It’s really easy to leave a review to complain: bugs, unclear UI, the inability to purchase or restore IAPs, etcetera. Unfortunately for you – the indie app developer – the review is public and greatly influences your App Store ranking.
Is it possible to avoid that these app users leave a negative review?
In-App Messaging: Contextual, Frictionless, Trustworthy
The only way to do so, is to introduce a frictionless solution for contacting support in the most contextual way. In other words: apply a bandage when it still hurts.
A few ideas:
- When a user starts your app, they’ll see a message or note that Customer Support is available. You’ve seen those chat icons at the bottom-right of a website, right? Apps can do that too.
- In the app menu, or any other communication, include an option: “Support” or “Feedback”. When a user taps that menu option, they’re taken to an in-app message center. They can directly contact you or your support team and talk about their issues.
- Don’t only use your app for communication with a customer. You brand is part of the product! Finding more ways to connect to your existing customers will increase engagement with your app, and it’s a great opportunity to tell them your customer service is everywhere.
If you save a “flag” in
NSUserDefaults when your app successfully exits, you can track whether your app has crashed when the flag is missing. When the user starts the app again after a crash, you can apologize, and open up a chat with your in-app customer service.
Remember The Zappos Model? All it tells you is to build trust by being available when the customer needs you, and to make customer service a central point of your business. Instead of ignoring or avoiding negative reviews, you can turn the negative into a positive by applying the Zappos Model.
But… what if you’re a single indie developer without cash to hire a customer service rep?
Automation: Scaling Up To 24/7 Availablity
You’re not available 24/7! As a sole indie developer, you need your sleep. How can you still offer good service?
A few ideas:
- When a user contacts you outside of “office hours”, you can show a message that the feedback is sent to your personal inbox. Then, instead of leaving the user out in the cold you can offer them a free coupon or a discount on their next purchase. Inform the user of your turn-around time, so they know they’re being heard. (This, in fact, is a great way to get a user’s email address.)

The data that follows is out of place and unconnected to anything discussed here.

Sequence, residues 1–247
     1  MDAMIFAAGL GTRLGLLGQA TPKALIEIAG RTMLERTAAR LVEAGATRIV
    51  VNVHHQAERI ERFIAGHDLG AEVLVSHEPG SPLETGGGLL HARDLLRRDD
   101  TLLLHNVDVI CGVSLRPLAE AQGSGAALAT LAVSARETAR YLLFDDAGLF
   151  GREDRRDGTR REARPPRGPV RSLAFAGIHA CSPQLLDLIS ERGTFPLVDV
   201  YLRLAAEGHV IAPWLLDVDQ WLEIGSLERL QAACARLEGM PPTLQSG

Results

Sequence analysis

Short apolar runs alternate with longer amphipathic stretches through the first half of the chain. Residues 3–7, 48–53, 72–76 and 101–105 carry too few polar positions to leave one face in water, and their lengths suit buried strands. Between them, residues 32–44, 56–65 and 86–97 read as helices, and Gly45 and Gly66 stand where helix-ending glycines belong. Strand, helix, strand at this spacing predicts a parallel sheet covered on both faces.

- Use intelligent matching on the chat messages to find existing FAQ items. When a user inputs “I forgot my password”, you can match that to the Forgot Password FAQ item and send a link to the article to the user. When a user says “bug”, you can start asking for more information like “When did it happen?” and “What did you expect?” When a user says “feature”, you can ask them to explain what the feature is about.
- When you’re getting too much customer service queries, it’s probably time to scale up. When your cashflow doesn’t allow that, reconsider your business model. Automation only works in an economy of scale. Eliminate before you automate!
With an in-app message center you’re automating customer service. That’s what Zappos did, too. Instead of making customer service a department, they made it so central to the operation of business that it almost became effortless. You don’t want your business, your employees or yourself to constantly decide how to address customers, and how to win their trust and loyality.
Automation is all about elimination: which steps can you remove to make the process as smooth as possible?
Instead of offering telephone support, you’re using in-app chat. You can intelligently match the text and suggest FAQ articles to the user when you’re not around. Also, you use your coding skill to contextually offer help on an app crash. You could even show a little tooltip on an app screen, to ask for help in that particular screen.
Still not convinced you need an in-app messaging center? Here’s a few reasons why you must install one:
- Users leave less negative reviews and ratings for your app, because you’ve helped them before they could write a bad review. As a result, your app ranking is higher.
- Users get in touch with your company culture, because you’re speaking directly to them. A central availability of customer service builds trust and loyalty.
- You get feedback you wouldn’t get otherwise. An in-app message center has such a low barrier to entry, that users with positive feedback will find you too.
- Indirectly, customer service is a sales channel too. You can directly tap into the need of a customer, and thanks to your good service they’ll stay loyal.
There’s no Apple API for in-app messaging centers yet. Fortunately, these companies have already created products that support in-app messaging: